While synthetic 100% read or 100% write workloads do a great job of testing the underlying technology and reporting easy to understand results, they aren’t always indicative of how the drive will be used by the end user. Workloads that simulate enterprise environments try to bridge that gap without being overly complex. The process of measuring our server workload performance is the same as measuring random. The drive is first secure erased to get it in a clean state. Next, the drive is filled by sequentially writing to the RAW NAND capacity twice. We then precondition the drive with respective server workload at QD256 until the drive is in a steady state. Finally, we cycle through QD1-256 for 5 minutes each measuring performance. All this is scripted to run with no breaks in between. The last hour of our preconditioning, the average IOPS, and average latency for each QD is graphed below.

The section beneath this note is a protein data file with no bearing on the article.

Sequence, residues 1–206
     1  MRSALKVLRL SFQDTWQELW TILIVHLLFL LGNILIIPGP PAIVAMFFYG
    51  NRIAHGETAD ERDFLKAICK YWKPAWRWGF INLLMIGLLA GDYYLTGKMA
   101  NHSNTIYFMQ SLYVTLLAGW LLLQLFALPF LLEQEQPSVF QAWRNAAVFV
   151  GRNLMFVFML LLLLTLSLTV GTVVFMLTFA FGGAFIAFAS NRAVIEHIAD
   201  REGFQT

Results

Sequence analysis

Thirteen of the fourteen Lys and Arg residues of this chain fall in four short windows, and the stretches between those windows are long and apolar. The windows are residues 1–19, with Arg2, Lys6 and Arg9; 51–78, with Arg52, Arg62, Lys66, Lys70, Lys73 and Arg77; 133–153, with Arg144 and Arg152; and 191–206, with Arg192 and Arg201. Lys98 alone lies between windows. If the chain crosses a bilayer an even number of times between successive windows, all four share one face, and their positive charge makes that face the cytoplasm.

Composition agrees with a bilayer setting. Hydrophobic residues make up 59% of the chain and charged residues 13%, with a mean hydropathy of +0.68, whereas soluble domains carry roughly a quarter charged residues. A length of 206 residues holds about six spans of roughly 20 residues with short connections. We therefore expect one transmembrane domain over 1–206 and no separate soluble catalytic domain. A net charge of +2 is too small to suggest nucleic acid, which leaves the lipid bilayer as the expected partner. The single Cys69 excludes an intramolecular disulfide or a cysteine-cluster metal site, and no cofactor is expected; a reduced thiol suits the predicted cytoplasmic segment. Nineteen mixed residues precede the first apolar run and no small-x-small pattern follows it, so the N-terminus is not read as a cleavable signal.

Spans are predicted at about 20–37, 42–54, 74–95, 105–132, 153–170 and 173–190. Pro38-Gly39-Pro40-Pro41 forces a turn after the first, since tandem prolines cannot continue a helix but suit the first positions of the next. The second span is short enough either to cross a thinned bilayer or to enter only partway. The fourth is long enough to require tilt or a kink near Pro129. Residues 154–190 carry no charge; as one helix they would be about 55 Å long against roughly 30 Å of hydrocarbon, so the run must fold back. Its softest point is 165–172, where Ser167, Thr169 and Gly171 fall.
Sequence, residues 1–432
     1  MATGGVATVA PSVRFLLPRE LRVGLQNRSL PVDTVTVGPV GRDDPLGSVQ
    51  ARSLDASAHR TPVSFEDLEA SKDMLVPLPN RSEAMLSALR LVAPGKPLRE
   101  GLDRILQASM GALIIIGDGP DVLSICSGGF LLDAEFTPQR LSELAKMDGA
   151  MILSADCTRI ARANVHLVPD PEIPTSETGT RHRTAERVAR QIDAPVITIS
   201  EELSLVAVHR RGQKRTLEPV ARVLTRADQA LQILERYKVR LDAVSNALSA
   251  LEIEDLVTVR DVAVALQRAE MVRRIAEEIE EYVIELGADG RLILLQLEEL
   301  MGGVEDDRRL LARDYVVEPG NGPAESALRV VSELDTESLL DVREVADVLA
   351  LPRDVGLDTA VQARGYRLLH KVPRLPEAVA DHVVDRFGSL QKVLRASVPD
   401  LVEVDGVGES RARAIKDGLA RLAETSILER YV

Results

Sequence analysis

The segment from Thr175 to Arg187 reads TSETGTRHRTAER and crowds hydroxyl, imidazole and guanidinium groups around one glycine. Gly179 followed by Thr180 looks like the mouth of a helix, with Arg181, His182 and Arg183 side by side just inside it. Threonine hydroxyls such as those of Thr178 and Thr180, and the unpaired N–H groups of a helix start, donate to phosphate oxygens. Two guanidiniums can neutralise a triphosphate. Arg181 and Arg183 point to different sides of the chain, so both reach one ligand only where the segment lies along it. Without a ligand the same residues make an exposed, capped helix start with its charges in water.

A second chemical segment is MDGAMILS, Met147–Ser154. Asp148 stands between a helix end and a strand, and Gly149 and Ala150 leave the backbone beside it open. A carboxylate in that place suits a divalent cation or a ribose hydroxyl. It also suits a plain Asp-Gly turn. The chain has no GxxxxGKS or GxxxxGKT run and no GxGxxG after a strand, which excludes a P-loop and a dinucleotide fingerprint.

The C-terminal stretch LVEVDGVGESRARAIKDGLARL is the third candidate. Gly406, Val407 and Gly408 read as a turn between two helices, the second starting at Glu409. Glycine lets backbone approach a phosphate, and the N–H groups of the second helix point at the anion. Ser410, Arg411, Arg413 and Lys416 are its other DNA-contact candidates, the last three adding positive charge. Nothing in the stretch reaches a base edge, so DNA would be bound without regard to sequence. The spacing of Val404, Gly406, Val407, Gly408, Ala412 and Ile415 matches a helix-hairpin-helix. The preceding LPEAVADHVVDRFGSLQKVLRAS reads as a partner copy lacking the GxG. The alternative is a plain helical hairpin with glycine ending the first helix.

The Database profile is 8K transfers, and 67% percent of operations are reads.
During our database run, the non-overprovisioned model lagged behind the competition, but once over-provisioned to 800GB, it gave the DC400 a fighting chance. At 800GB the DC400 outperforms the Micron 5100 ECO and is very close to the Toshiba HK4R. The Samsung and Toshiba SSDs, and Micron 5100 MAX, however, are the clear winners here. The consistency is also much, much better once over-provisioned and it doesn’t have any lag spikes like it does at 960GB.
The Email Server profile is similar to the Database profile, only it 8K transfers at 50% reads and 50% writes.
Just as in our database profile, the DC400’s results are much better once it is overprovisioned and consistency is much improved. It even edges out above the Toshiba HK4R and Micron 5100 ECO.